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IN THE SUPREME COURT OF APPEALS OF WEST VIRGINIA
 
September 2006 Term
 
___________
 
No. 33086
___________

IN RE: RANDY H., APRIL G., BRITTANY T.,
and MEGAN H.
________________________________________________________
 
Appeal from the Circuit Court of Hardy County
Hon. Andrew N. Frye, Jr., Judge
Case Nos. 05-JA-11, 05-JA-12, 05-JA-13, 05-JA-14
 
REVERSED AND REMANDED

________________________________________________________
 
Submitted: October 3, 2006
Filed: November 30, 2006


Joyce E. Stewart, Esq.                              Patricia L. Kotchek, Esq
Saville & Stewart                                        Geary & Geary
Romney, West Virginia                              Petersburg, West Virginia
Attorney for Appellant Brittany T.               Attorney for Appellee Lucinda H.
                                                
Marla Zelene Harman, Esq.                     Darrell V. McGraw, Jr.
Franklin, West Virginia                             Attorney General
Guardian Ad Litem for Appellants           C. Carter Williams
Randy H., and April G.                              Assistant Attorney General
                                                                    Petersburg, West Virginia
                                                                    Attorneys for Appellee West
                                                                    Virginia Department of Health &
                                                                     Human Resources


JUSTICE STARCHER delivered the Opinion of the Court.
 
 
SYLLABUS BY THE COURT

            1.       “Although conclusions of law reached by a circuit court are subject to de novo review, when an action, such as an abuse and neglect case, is tried upon the facts without a jury, the circuit court shall make a determination based upon the evidence and shall make findings of fact and conclusions of law as to whether such child is abused or neglected. These findings shall not be set aside by a reviewing court unless clearly erroneous. A finding is clearly erroneous when, although there is evidence to support the finding, the reviewing court on the entire evidence is left with the definite and firm conviction that a mistake has been committed. However, a reviewing court may not overturn a finding simply because it would have decided the case differently, and it must affirm a finding if the circuit court's account of the evidence is plausible in light of the record viewed in its entirety.” Syllabus Point 1, In the Interest of Tiffany Marie S., 196 W.Va. 223, 470 S.E.2d 177 (1996).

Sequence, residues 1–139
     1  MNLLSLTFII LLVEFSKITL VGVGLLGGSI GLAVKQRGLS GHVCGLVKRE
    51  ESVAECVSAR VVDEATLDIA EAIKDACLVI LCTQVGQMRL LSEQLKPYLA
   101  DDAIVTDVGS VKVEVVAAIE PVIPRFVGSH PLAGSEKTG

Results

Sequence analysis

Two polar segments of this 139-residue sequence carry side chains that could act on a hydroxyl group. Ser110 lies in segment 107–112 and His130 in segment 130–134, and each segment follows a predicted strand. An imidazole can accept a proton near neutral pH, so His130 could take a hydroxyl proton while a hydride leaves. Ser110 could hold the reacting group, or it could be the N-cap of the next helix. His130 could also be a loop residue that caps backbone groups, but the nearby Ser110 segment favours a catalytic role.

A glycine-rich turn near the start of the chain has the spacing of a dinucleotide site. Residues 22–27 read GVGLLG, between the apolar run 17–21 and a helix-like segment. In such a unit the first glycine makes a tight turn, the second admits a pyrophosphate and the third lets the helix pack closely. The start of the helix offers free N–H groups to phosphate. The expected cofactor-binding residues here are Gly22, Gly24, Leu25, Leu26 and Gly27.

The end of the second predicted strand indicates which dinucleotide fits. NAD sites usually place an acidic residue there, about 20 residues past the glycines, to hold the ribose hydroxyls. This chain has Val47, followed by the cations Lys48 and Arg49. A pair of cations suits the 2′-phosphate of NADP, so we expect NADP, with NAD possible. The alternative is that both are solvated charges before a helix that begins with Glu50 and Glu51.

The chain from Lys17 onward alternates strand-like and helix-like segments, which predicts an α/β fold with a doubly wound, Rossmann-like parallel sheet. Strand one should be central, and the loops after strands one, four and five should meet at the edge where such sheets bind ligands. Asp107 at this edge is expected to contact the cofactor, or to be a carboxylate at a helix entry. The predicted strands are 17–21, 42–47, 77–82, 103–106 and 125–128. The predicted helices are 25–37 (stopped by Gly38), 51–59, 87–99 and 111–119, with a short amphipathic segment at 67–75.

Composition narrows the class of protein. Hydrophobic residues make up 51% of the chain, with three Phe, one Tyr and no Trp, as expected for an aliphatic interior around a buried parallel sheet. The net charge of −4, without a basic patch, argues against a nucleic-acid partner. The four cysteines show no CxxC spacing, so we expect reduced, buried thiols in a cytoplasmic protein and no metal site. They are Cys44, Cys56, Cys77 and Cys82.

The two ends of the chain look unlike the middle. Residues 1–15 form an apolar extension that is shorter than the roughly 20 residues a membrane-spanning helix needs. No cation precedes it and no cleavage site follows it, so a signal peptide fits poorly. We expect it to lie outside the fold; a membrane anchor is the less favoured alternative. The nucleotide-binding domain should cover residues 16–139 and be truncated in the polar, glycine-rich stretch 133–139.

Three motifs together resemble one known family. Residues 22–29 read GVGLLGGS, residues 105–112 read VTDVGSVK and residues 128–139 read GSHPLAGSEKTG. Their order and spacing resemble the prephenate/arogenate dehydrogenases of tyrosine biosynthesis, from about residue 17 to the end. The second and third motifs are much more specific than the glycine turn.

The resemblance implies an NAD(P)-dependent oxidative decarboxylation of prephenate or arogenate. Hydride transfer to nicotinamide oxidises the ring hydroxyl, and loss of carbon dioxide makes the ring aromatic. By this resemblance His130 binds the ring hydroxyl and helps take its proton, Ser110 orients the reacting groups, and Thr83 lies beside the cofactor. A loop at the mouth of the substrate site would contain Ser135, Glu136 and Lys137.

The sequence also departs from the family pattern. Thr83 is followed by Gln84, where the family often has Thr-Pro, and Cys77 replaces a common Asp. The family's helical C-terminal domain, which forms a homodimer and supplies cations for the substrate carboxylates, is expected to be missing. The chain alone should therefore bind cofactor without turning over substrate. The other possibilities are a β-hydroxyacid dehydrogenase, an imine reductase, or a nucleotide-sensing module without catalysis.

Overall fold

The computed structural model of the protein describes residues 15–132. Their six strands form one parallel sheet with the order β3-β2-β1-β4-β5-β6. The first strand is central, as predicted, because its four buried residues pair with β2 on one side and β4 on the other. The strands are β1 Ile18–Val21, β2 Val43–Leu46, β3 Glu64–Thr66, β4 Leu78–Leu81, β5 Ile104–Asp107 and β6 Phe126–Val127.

2.      “Although parents have substantial rights that must be protected, the primary goal in cases involving abuse and neglect, as in all family law matters, must be the health and welfare of the children.” Syllabus Point 3, In re Katie S., 198 W.Va. 79, 479 S.E.2d 589 (1996).

            3.      “W.Va. Code, 49-6-2(c) [1980], requires the State Department of Welfare [now the Department of Health and Human Resources], in a child abuse or neglect case, to prove 'conditions existing at the time of the filing of the petition . . . by clear and convincing proof.' The statute, however, does not specify any particular manner or mode of testimony or evidence by which the State Department of Welfare is obligated to meet this burden.” Syllabus Point 1, In Interest of S.C., 168 W.Va. 366, 284 S.E.2d 867 (1981).

            4.      “Under Rule 19 of the West Virginia Rules of Procedure for Child Abuse and Neglect Proceedings, amendments to an abuse/neglect petition may be allowed at any time before the final adjudicatory hearing begins. When modification of an abuse/neglect petition is sought, the circuit court should grant such petition absent a showing that the adverse party will not be permitted sufficient time to respond to the amendment, consistent with the intent underlying Rule 19 to permit liberal amendment of abuse/neglect petitions.” Syllabus Point 4, State v. Julie G., 201 W.Va. 764, 500 S.E.2d 877 (1997).

            5.      To facilitate the prompt, fair and thorough resolution of abuse and neglect actions, if, in the course of a child abuse and/or neglect proceeding, a circuit court discerns from the evidence or allegations presented that reasonable cause exists to believe that additional abuse or neglect has occurred or is imminent which is not encompassed by the allegations contained in the Department of Health and Human Resource's petition, then pursuant to Rule 19 of the Rules of Procedure for Child Abuse and Neglect Proceedings [1997] the circuit court has the inherent authority to compel the Department to amend its petition to encompass the evidence or allegations.